Saturday Morning Oys – February 26th, 2022 

P.S. This Zippy has in the meantime received the Arnold Zwicky professional treatment.

P.P.S. Here’s that word ‘serf’ again:

I just like this, more than I can defend.

A photo-OY, from Facebook group “Daily Pun”


  1. I would have put the “aye-Pad / NO-tebook” panel into the “oopsie/flops” category, because of the variations in the pronunciation(s) of “aye“. Perhaps it’s always pronounced “eye” by British speakers, but in my experience the American pronunciation for rollcall voting rhymes with “hey” (perhaps in connection with the negative vote counterpart “nay”), although the “eye” pronunciation does appear in “naval” usage: “Aye-aye, Captain!“

  2. @Kilby: really? I’ve never heard “aye” ~= “hey”! “Yea” does rhyme with “hey”.

  3. @PS3, I’m with you on that — I figure what Kilby describes as two different pronunciations of one word (‘aye’) was more a case of hearing them using two different words (‘aye’ and ‘yea’). I know at legislative roll calls I’ve heard both ‘aye’ and ‘yea’.

    [Which I would call two different words, since they have different spellings, pronunciations, and histories. They do however have the same meaning: “yes”.]

  4. The man with the pith helmet knelt down and started praying. To his surprise the tiger also knelt down and started praying. The man said, “Are you Christian?” The tiger said “Shut up! I’m saying grace.”

  5. @Carl Fink: no no, Fonzie was Canadian, that’s “Ehhhhh…”!

    (Credential: grew up in Canada. No, no Canadian would use it that way.)

  6. Henry Winkler was a guest on “Wait Wait, Don’t Tell Me.” Guests have to answer three multiple-choice questions, each with answers A, B and C.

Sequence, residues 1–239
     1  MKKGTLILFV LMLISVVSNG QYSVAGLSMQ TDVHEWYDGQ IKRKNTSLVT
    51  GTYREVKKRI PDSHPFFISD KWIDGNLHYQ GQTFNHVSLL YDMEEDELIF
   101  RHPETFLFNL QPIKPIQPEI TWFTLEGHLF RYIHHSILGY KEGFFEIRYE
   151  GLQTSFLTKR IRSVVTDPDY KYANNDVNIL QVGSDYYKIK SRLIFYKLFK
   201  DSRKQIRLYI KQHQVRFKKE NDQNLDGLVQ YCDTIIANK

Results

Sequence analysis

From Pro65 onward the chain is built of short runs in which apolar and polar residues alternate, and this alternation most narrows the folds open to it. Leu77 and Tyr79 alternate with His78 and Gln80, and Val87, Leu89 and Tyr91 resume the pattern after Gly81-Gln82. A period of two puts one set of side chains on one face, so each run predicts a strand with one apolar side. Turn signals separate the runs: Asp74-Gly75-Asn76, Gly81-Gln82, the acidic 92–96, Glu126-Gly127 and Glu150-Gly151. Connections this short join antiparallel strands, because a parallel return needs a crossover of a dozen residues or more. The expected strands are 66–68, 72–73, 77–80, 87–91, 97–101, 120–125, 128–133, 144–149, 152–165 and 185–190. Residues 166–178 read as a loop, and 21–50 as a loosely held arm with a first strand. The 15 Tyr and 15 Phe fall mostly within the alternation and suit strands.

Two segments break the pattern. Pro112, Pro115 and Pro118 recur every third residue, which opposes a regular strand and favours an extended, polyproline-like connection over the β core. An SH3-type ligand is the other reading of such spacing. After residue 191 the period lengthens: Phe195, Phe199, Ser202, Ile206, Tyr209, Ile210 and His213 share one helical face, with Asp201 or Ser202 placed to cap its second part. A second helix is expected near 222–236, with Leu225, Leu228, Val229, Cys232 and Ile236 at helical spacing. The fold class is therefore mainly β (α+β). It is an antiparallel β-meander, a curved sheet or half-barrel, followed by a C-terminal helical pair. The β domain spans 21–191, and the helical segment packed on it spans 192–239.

The game was rigged so that the correct answer to every question was A.

  7. The Nav{a,e}l Observatory is a very very old joke (or joking remark) ; but it’s still fairly fresh to have someone go there and pose in the right place with the right presentation.

  8. @ DB-LD – For example, Tom Lehrer introduced himself at a live performance in the 1960s, saying (in part) that “… he was inducted — forcibly — into the United States Army, and spent most of his indenture in Washington as sort of Army liaison to the Office of Naval Contemplation.”

    P.S. Observatory Circle is located in northwest Washington DC. Among other things, the property behind the guardhouse in the background includes the official residence of the American Vice President.

  9. P.P.S. Speaking of “…hey…”, I’m surprised that none of the geezers have mentioned “Fat Albert” (perhaps it’s been placed on the “index”, due to its creator).

  10. Re Nav{a,e}l Observatory: When I was quite young, I learned about citrus and vitamin C and scurvy. When I heard about navel oranges, I assumed they were naval oranges: oranges that were historicaly taken on sailing ships to avoid scurvy. Took me years to get it right, and (at 60) I still have to think about how to spell it when writing about oranges (only)!

  11. Winkler is from NYC. (Not sure if that he was Canadian a joke- I think it was, but not sure – this confusion is entirely a “Meryl” problem not Mark in Boston’s error.)

  12. Yes, a joke. Canadians stereotypically say “eh” frequently, like, “How’s it going eh?” Fonzie is known for giving thumb’s-up and saying “ehhh”. Or “ayyy” or some other spelling of an onomatopoeia.

  13. @ PS3 – As a young kid, I once asked where I could find the “bellybutton” oranges. Perfectly logical, but boy did I feel embarrassed when I realized my error.

  14. @Kilby — I see nothing wrong with “bellybutton” oranges! It’s closer than MY misapprehension.

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